Attock Cement Pakistan Ltd: Lower retentions led to margin attrition in FY10

Lower margins in FY10 led to 32% YoY decline in earnings: Attock Cement Pakistan Limited (ACPL) posted profit after tax of PKR1,017mn in FY10 (EPS: PKR11.74), down 32% YoY and also announced a final payout of PKR3.25/share. 4QFY10 profit at PKR123mn (EPS: PKR1.42) was down 54% QoQ.

Volumes up 4% YoY, retention prices down 13%: ACPL saw volumetric growth of 4%  YoY in FY10, where local dispatches grew by 4% YoY and exports by 5% YoY. Prices remained under pressure in FY10 due to excess supply situation in the country. Average retention prices for ACPL saw a decline of 13% YoY, while costs/ton declined by a mere 5% YoY.

Brand premium squeezed by competition; leading to lower margins: We believe ACPL has lowered its premium over other brands during FY10, owing to rising competition in the south, resulting to attrition in ACPL’s market share.

Lower finance cost & higher other income supported the bottom line: ACPL’s finance cost declined by 35% YoY, while other income increased 57% YoY, mainly because of higher interest income and gain on disposal of mutual fund units. Other income formed 53% of profit before tax in 4QFY10 (19% in FY10).

Future Outlook: ACPL managed to increase its market share during 1QFY11, which would likely have come at the cost of further attrition in price premium, and could possibly offset the advantage of QoQ uptick in cement prices in 1QFY11. We advise a cautious stance.

Lower margins in FY10 led to 32% YoY decline in earnings; Volumes up 4% YoY

FY10 earnings were down by 32% YoY mainly because of lower prices in the local market.  Retention prices were lower by 13% YoY in FY10 to PKR4,235/ton as opposed to a mere 5% YoY decline in cost/ton. Decline in costs mainly came due to lower depreciation expense due to change in depreciation methodology and revision of useful lives. Cost/ton, excludingdepreciation was down by only 2% YoY. As a result, EBITDA margin declined by 41% YoY to PKR873/ton in FY10. ACPL’s total volumetric growth was seen at 4% YoY, with 5% YoY increase in exports and 4% YoY rise in domestic sales in FY10. 4QFY10 EBITDA margin fell 63% QoQ to PKR371/ton as 13% QoQ increase in cost/ton was not matched by retentions, which were up a mere 2% QoQ.

Brand premium squeezed by competition; leading to lower margins

Our estimates suggest ACPL lowered its price premium over other brands by 43% YoY during FY10, owing to rising competition from LUCK leading to market share attrition in the southern region. While FY10 dispatches indicate 2pp increase in market share for ACPL in FY10, market share during the last two quarters at 37% was 3pp lower than ACPL’s 9MFY10 market share. LUCK saw its market share in southern region rising by 7pp YoY to 27% in FY10, with 1QFY10 market share at 34%.

Lower finance cost & higher other income supported the bottom line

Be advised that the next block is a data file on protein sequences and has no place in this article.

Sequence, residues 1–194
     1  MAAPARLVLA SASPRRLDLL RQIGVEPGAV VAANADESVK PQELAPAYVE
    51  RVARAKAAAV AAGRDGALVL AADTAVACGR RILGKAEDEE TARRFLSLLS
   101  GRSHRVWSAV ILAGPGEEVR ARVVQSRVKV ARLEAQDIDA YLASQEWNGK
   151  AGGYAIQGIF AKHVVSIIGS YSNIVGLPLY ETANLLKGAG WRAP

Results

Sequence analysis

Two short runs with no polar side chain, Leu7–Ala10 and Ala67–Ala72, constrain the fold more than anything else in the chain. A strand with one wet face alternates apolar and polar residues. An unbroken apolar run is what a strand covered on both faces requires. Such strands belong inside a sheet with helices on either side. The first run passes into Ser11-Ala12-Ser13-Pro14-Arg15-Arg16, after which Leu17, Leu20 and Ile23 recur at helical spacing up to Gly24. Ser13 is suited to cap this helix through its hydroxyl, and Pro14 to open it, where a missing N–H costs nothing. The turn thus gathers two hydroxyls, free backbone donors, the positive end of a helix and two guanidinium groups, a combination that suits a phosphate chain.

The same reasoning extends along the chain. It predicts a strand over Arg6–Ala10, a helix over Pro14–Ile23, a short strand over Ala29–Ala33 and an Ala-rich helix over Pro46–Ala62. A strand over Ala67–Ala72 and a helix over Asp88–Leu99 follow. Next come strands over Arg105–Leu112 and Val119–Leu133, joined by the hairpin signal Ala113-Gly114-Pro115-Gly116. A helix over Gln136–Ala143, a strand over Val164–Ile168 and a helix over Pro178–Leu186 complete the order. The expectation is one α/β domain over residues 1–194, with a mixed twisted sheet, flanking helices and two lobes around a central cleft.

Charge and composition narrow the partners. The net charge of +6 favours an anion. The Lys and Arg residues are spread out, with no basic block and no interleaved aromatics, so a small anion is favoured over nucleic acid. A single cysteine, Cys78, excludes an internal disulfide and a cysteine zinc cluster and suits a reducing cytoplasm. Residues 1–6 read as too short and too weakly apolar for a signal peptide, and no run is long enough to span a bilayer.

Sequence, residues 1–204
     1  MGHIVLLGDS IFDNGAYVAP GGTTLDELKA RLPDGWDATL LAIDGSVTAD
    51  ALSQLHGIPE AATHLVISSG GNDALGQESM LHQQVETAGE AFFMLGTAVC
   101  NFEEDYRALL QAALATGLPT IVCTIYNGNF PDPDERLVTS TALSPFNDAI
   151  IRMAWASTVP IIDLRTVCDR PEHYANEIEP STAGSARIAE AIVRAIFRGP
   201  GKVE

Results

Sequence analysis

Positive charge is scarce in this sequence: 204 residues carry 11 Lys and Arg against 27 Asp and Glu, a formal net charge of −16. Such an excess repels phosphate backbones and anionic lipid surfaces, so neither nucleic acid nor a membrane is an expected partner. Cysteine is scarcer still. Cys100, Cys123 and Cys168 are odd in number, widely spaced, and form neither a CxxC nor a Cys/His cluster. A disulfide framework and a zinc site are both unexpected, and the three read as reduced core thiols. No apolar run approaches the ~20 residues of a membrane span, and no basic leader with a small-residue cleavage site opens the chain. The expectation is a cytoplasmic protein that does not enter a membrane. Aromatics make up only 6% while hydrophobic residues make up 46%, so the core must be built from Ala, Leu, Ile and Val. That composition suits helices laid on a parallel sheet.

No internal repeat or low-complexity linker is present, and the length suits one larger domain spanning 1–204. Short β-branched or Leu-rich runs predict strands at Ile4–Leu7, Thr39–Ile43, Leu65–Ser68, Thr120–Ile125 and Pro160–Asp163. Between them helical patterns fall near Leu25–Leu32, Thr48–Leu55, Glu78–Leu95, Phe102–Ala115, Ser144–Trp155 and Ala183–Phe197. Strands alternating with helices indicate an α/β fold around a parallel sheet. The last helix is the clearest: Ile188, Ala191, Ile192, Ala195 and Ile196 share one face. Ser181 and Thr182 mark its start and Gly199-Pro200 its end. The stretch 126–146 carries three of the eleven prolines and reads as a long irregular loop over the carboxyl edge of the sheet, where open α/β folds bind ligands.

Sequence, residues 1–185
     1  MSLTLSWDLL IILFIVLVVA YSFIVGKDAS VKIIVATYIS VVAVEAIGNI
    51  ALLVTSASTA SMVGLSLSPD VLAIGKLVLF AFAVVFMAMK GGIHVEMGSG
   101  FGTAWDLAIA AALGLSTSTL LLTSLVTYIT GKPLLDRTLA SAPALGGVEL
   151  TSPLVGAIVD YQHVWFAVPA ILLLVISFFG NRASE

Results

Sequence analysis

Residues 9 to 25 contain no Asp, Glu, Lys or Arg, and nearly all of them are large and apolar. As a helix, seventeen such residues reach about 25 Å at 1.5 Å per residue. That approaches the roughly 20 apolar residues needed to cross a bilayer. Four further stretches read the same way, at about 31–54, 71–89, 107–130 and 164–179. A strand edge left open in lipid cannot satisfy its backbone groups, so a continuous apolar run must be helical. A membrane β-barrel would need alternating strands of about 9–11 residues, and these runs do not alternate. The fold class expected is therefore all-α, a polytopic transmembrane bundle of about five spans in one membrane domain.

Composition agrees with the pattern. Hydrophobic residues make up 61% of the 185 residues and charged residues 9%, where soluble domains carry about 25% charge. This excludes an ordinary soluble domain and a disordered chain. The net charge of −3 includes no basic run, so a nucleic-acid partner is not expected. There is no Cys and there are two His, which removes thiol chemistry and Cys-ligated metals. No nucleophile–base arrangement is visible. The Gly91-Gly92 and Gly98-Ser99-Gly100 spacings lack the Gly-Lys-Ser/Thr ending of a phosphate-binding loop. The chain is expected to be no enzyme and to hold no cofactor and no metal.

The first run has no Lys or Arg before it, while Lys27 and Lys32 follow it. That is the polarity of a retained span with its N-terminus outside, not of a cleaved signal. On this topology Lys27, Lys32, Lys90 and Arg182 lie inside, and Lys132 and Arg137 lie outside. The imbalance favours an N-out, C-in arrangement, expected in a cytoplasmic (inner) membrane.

ACPL’s finance cost declined 35% YoY, as the long term murabaha was paid off in FY10. Other income also supported the bottom line with 57% YoY increase, led by increase in interest income on cash balances and gain on sale of open ended mutual fund units. Other income was the major contributor to 4QFY10 earnings as it comprised 53% of pretax profit, much higher than FY10 average contribution of 19%.

Future Outlook

While 1QFY11 average cement prices were up 18% QoQ for northern players, southern region prices increased by a mere 7% (PKR22/bag), thus indicating weaker QoQ margin uptick for southern players as compared to their northern counterparts. ACPL and LUCK both managed an increase in market share during 1QFY11, which could well have come at the cost of lower retentions as smaller players turned out to be the major loser.We, thus do not rule out further attrition in price premium for ACPL, which could possibly erode the advantage of QoQ uptick in cement prices during 1QFY11. We advise a cautious stance on ACPL.

Pakistan needs up to USD30bn for flood recovery

The World Bank (WB) and Asian Development Bank (ADB) in their joint Damage Need Assessment (DNA) have estimated that Pakistan would need USD30bn to reconstruct infrastructure and rehabilitate affected people in the flood-affected areas.  The survey found that the country suffered a loss of USD9.5bn (around PKR800bn) to public and private property, crops and other infrastructure in all four provinces and the Federally Administered Tribal Areas (FATA).  The banks have shared these figures with the country’s economic managers and a formal announcement would be made at the Friends of Democratic Pakistan (FODP) meeting, scheduled on October 14 in Brussels.  Most of the damage occurred in the agriculture and livestock sector, which was estimated at PKR428bn.
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